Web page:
Middle East political theory question...
December 11, 2007 12:37 PM   Subscribe

Have any well-known Middle East scholars come out in favor of uniting Israel, Gaza, and the West Bank into one multi-ethnic, secular state, with the goal of making all residents equal citizens?
posted by Afroblanco to Law & Government (15 answers total) 4 users marked this as a favorite
There are many that have said that it is inevitable and that it is the only way for a final resolution. Of course, this would basically be an end to Zionism as the Zionists would be greatly outnumbered and incapable of forming a political block with any controlling power and therefore the only solution they will accept is a partitioned state.
posted by Pollomacho at 12:42 PM on December 11, 2007

Edward Said
posted by raztaj at 12:47 PM on December 11, 2007

Personally, I also believe single unified state is the only lasting solution to this plaguing issues with such enormous rippling effects.

And call it Semiticstan or something.

Two-states wouldn't last more than a generation or two, as the cycle repeats, and new in-groups and out-groups form, fight, and battle it out for being authentic.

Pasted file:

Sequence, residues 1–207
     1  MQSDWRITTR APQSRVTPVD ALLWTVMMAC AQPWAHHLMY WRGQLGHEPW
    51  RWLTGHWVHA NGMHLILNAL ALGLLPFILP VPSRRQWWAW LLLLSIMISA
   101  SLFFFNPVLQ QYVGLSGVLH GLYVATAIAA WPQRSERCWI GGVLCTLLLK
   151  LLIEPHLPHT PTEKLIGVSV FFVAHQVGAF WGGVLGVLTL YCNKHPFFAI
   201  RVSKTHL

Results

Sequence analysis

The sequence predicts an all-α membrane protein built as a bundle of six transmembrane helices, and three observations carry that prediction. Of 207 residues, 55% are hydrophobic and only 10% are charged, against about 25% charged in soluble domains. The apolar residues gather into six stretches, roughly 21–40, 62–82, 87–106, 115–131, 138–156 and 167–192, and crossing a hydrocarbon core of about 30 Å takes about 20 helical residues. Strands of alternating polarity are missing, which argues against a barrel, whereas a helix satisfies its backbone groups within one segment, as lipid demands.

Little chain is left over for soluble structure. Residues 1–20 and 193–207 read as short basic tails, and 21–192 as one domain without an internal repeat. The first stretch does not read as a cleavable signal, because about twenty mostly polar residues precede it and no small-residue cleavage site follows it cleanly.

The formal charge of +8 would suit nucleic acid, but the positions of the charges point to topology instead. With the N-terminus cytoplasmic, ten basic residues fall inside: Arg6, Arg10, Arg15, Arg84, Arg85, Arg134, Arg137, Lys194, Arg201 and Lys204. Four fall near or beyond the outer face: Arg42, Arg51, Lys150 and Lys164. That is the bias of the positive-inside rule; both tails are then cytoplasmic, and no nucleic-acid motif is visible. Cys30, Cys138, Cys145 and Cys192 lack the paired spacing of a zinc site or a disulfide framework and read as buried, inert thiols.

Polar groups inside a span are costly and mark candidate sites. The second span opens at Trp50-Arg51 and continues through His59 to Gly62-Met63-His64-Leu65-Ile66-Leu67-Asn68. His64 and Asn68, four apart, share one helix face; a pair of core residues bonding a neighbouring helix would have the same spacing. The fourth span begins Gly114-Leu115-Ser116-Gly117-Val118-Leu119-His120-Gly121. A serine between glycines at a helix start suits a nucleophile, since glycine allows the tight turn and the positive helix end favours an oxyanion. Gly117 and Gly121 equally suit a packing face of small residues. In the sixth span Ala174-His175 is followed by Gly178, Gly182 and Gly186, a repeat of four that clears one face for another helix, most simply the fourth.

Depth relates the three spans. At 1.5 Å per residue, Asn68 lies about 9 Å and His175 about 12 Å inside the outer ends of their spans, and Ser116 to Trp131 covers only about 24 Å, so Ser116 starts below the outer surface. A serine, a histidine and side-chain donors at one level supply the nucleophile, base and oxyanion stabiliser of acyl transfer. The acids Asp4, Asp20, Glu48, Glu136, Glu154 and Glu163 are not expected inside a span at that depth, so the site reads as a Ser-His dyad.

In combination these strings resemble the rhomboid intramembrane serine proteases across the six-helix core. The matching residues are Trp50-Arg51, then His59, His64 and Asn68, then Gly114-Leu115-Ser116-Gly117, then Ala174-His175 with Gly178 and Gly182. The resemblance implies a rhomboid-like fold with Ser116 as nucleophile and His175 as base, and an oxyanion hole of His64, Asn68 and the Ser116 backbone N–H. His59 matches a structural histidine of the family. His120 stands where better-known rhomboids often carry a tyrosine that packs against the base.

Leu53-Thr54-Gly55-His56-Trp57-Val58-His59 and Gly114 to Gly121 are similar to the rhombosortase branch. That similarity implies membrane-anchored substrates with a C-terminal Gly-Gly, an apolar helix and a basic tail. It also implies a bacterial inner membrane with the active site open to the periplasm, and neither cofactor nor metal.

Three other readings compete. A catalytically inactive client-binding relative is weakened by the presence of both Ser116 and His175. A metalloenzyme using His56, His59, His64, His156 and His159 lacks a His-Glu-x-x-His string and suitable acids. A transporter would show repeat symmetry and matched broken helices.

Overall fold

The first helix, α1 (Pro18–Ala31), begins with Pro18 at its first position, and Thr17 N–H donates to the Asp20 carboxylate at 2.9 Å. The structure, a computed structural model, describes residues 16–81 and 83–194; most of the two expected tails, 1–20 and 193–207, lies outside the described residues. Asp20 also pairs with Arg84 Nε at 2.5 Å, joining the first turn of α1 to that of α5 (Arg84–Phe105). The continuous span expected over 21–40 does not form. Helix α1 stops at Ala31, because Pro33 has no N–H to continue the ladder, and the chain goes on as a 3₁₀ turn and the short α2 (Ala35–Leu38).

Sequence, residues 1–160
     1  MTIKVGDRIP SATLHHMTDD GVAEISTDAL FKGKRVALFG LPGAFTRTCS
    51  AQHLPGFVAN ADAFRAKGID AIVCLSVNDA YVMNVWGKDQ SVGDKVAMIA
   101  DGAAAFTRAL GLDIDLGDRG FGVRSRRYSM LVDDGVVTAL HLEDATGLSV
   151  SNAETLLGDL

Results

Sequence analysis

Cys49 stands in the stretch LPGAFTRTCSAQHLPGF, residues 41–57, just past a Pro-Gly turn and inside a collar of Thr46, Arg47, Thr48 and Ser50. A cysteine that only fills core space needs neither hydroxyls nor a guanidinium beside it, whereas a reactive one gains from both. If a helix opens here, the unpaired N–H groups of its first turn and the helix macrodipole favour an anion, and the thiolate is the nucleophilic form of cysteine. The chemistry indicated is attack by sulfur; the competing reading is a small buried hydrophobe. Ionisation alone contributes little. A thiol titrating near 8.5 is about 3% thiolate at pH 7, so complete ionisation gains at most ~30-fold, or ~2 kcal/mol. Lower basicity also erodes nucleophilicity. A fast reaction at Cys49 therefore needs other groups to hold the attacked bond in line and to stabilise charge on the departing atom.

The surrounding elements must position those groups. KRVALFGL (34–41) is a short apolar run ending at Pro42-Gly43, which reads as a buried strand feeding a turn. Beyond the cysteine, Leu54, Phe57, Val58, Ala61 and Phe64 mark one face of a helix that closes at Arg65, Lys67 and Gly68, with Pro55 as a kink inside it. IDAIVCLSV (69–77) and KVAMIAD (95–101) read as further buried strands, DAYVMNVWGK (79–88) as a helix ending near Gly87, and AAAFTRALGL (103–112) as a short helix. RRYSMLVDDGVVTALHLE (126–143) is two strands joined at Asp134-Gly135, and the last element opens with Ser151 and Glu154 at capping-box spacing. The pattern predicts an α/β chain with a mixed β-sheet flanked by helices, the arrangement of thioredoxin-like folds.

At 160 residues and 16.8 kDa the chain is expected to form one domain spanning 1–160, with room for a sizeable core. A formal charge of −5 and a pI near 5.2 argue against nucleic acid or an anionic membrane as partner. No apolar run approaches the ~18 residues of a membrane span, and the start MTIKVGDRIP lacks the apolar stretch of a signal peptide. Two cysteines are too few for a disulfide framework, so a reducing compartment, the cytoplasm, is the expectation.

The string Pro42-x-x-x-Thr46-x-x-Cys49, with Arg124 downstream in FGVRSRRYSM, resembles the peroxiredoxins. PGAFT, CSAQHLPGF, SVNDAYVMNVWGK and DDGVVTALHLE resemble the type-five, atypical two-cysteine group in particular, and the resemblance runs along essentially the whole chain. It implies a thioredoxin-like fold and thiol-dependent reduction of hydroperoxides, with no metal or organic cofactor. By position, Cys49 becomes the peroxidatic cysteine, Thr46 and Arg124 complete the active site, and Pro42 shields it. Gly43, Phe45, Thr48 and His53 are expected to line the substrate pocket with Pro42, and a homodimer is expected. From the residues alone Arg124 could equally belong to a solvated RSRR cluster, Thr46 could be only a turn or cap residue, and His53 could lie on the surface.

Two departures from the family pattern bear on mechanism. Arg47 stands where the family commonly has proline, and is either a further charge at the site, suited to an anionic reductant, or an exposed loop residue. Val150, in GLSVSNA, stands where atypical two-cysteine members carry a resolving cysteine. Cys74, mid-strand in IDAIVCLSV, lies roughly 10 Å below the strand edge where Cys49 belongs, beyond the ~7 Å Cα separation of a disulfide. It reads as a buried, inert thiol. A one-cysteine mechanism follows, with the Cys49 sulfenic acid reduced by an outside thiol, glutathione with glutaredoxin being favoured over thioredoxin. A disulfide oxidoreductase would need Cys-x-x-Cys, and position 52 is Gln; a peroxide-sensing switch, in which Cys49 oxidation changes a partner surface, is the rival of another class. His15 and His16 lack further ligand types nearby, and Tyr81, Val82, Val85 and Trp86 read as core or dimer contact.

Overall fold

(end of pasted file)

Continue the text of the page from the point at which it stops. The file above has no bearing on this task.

posted by raztaj at 12:53 PM on December 11, 2007

Best answer: Well I admit that I didn't keep up with all of Said's pronouncements, but as far as I know he was a proponent of a two-state solution and not a one state solution. The wikipedia article, for what it's worth, suggests that that was the case.

Tariq Ali in 2007.

There was a conference in London in November exploring the question.

Ali Abunimah from Electronic Intifada.

The problem with the solution is, of course, that one cannot have a "Jewish state" when Jews are outnumbered by Palestinians.
posted by OmieWise at 1:08 PM on December 11, 2007

There are definitely thinkers who believe this. And Pollomacho is absolutely right regarding the reason some Israelis are against this idea. That is also why they're against granting full legal rights to Arab citizens within Israel's borders--greater birthrates in the Arab ghettos dictate even without a unified state the Jewish population would be quickly outnumbered.

This is slightly off-topic, but Bitter Lemons is an excellent source of relatively well-balanced editorials of Israeli and Palestinian writers on the same topic.
posted by schroedinger at 1:14 PM on December 11, 2007 [1 favorite]